My View

By Don Sorchych | April 9, 2009

Don SorchychUnions

Elections had almost been forgotten, but the eastern establishment method requires it. Hence Adam Trenk’s signs are abundant and union members marching down Cave Creek Road will be next. (Late news, an estimated 20 men with Trenk T-shirts rode during the Fiesta Day Parade.)

When I got out of high school what did I know? I knew to get the job I wanted I had to join the painter’s union. It didn’t cost much and politics were not on my radar screen. But $10 per hour was huge in 1949 and winters were layoff time with hunting and trapping in season.

Locally, in north central Illinois there were few union members and my dad was vociferously anti-union. He was not happy when he found out I was a card carrying union member.

I felt people were over reacting until I was shipped to St. Louis to work on the Memorial Bridge and the Chain of Rocks bypass canal. It was there that I learned about limits and squabbles in trade matters.

My first lesson came when I was shown a scaffold, got on it and pulled manually with ropes until I was about 95 feet high and able to paint metal strips. After finishing, I dropped to the ground and started to move the scaffold. A shrill whistle sounded, like those referees use.
As it turned out the whistler running towards me was a laborer Business Agent (BA). He said, “You can’t move that scaffold. By rule only laborers do that.” After almost coming to blows with this little creep a BA for painters arrived and took stock of the situation. The painter’s BA said, “He is right and he will get laborers to move your scaffold.”

The laborers’ BA went away and I told the painters’ BA that someone had to move the sand bags about 100 feet up to match what I was going to do. Painters BA said we are well aware of this and someone will handle the upper end.

So 45 minutes later I was able to resume work and after each drop, another hour or so would elapse before I could resume work.

The collisions of trades were frequent with many work stoppages before rules were figured out.

The various trades also had their own enclaves around St. Louis and if you were say a carpenter or bricklayer, you had better stay in your neighborhood.

The painters in my crew were heavy drinkers and party animals. They carried their trades openly and proudly with paint all over their clothes, usually white coveralls and caps.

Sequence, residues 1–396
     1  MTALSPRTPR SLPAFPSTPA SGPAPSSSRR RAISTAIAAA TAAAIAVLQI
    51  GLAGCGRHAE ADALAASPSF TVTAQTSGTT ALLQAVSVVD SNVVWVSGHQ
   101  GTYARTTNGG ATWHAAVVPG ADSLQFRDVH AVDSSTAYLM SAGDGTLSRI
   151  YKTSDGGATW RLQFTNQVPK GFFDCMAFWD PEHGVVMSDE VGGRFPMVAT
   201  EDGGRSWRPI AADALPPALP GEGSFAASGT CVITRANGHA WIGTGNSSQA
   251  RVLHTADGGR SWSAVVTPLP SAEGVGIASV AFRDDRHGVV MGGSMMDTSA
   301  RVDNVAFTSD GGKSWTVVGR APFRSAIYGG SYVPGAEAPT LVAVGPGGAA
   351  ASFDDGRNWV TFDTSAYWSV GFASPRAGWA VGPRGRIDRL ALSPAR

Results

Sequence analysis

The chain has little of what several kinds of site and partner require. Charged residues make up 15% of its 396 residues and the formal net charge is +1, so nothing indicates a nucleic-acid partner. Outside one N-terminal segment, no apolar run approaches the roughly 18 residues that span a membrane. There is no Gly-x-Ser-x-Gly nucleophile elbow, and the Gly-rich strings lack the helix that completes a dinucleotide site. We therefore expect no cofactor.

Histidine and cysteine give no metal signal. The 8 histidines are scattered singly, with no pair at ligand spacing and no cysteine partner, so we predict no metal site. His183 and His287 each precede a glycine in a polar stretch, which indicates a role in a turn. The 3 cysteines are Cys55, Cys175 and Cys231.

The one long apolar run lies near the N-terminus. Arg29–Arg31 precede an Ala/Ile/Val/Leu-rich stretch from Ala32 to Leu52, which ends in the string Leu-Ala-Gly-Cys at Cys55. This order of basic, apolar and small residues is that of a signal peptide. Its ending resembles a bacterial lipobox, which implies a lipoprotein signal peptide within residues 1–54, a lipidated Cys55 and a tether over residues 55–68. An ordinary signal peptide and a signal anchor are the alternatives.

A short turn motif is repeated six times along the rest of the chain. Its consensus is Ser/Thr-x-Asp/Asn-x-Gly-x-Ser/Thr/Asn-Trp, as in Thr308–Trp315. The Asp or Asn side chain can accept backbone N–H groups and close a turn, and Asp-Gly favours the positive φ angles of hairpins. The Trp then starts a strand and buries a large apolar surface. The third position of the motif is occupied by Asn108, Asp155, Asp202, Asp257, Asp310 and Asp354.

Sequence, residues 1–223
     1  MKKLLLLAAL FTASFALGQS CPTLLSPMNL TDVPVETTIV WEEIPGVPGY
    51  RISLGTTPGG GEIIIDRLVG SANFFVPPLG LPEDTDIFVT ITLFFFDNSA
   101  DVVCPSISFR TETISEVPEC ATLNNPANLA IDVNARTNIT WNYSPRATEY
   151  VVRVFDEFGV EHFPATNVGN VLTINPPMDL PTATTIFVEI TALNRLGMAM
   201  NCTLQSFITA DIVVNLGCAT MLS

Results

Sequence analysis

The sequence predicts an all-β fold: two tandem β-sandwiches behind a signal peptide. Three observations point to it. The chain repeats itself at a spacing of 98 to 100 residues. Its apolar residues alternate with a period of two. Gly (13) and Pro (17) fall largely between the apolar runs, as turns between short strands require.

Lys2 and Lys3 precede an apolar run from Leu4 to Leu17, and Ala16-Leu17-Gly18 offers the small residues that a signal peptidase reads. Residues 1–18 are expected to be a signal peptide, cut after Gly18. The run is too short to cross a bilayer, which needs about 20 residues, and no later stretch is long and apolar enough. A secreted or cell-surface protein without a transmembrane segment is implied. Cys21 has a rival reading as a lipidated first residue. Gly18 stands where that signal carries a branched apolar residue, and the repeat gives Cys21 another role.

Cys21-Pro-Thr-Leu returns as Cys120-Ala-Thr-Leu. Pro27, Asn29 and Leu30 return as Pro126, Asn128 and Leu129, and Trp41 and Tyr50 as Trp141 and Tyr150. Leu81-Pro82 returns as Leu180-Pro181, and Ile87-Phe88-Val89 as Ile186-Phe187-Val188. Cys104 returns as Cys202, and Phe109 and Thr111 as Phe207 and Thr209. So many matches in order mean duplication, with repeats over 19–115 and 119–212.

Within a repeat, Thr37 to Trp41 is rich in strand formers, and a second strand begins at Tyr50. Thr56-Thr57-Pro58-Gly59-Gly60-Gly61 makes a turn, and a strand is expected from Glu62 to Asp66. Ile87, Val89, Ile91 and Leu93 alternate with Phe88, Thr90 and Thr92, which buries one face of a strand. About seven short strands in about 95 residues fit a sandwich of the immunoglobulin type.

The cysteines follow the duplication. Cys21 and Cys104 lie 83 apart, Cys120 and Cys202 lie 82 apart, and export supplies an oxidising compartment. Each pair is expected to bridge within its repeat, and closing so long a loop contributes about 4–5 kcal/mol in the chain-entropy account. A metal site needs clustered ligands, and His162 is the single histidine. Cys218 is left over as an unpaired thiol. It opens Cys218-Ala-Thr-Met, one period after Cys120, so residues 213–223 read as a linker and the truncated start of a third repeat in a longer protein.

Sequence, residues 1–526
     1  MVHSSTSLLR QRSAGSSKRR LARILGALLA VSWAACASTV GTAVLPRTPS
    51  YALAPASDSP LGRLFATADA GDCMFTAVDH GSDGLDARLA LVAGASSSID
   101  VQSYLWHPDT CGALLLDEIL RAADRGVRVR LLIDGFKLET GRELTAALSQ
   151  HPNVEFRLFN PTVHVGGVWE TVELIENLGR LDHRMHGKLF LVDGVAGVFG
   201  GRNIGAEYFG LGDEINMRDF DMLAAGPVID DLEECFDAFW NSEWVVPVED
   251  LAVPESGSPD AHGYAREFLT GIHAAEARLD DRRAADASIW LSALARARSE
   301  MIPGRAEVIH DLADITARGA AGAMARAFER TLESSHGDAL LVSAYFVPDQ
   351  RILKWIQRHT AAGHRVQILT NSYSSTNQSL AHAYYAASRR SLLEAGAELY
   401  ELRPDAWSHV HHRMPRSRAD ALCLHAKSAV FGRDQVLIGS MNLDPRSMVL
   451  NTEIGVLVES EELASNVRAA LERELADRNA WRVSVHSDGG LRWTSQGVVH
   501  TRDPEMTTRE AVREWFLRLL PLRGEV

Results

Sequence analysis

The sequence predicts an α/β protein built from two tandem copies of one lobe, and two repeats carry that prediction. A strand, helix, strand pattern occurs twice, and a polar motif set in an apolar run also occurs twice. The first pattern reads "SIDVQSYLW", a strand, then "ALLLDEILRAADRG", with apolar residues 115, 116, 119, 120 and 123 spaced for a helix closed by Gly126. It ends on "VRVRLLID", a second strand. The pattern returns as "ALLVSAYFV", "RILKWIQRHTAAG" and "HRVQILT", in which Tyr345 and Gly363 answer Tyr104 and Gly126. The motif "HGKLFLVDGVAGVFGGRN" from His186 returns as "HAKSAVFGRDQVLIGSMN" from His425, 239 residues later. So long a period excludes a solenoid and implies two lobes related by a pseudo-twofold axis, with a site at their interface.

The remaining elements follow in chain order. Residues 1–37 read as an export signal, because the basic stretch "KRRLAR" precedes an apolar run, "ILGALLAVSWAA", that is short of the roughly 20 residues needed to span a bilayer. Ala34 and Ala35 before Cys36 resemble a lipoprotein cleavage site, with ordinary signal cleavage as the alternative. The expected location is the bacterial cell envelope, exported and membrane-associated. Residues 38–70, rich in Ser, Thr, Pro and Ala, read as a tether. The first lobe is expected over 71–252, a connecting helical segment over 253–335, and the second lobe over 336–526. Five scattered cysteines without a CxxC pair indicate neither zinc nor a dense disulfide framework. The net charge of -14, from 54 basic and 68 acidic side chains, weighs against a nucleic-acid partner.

I once, and only once, went on one of their forays. I innocently joined a group of four painters and where did they go? To an iron worker neighborhood bar.

The insults started before we sat down. Finally, one of my buddies was challenged and jumped up to fight with several iron workers as other iron workers converged.

I jumped up to help and it was the next morning when I awakened with a splitting headache and a lump the size of a tennis ball behind my ear.

What happened?” I inquired.

A compadre told me I was “sapped” by an iron worker, in a word, blackjacked.
As I went from job to job I often waited for hours as BAs argued from voluminous rule books. Sometimes “gratuities” were exchanged to settle the issues.

My bosses said such solutions were bid into the jobs and job awards were given politically.
I saw a tragic result on Memorial Bridge. The bridge deck was 100 feet from the Mississippi River. By rule, the home team had to hire a large percentage of locals.

The pay was good and so untrained men applied for a job and union card. The home crew did the rigging, by rule, which was scaffolding that we erected to facilitate their painting.
I was standing on a pier using a jack to hold one end of the scaffold with a long cable from an adjoining pier. Suddenly I saw a scaffold give way and two men fell to their death.
One had been a cab driver and the other a paroled bank robber who came to work for the high wages.

We were supposed to do their rigging. They got tired of waiting, improperly set their scaffold and were killed as a result..

After a hitch in the Navy and college I joined Radiation Inc., a small electronics company in Melbourne, Florida. We were non-union but also trained to stay that way.

When acquired by Harris Intertype we were concerned about unionized printing equipment divisions they owned. We found their corporate human resources personnel were trained to negotiate union contracts and to stay union free elsewhere.

It was part of executive management everywhere I went to be alert to union organizing and to stay union free. It has often been said. companies that get unions deserve it and that is usually true.

As I have said before, the heroic efforts on the part of firemen and policemen in New York during the 9/11 atrocity has rubbed off on similar organizations nationwide.

It is not true here. A top official in Rural/Metro conceded that if his firemen are at risk, they will let the house burn. This, in spite of the fire marshal’s letter in this issue.

I have a problem with Ryan Travis, the top Rural/Metro union man in Carefree who likes Cave Creek Town Council candidate Adam Trenk because he is also a member of Cave Creek’s Fire Commission. That is a conflict of interest now, and would be a continuing conflict if he is elected. We have had enough of those and don’t need any more.

Fire Marshal John Kraetz is the only Rural/Metro non-union member in Cave Creek and Carefree. He is paid to keep the peace. He and I had a long chat and his letter is the first one on the letters page. What do you think? My previous editorial and this one is in contrast to his view.

And last, Trenk has told confidantes he doesn’t plan to use the law degree he is currently studying for. That tells me his plan is first council, then mayor, then legislator and finally Washington.

We are not a stepping stone! Experience is vital – way more than ambition.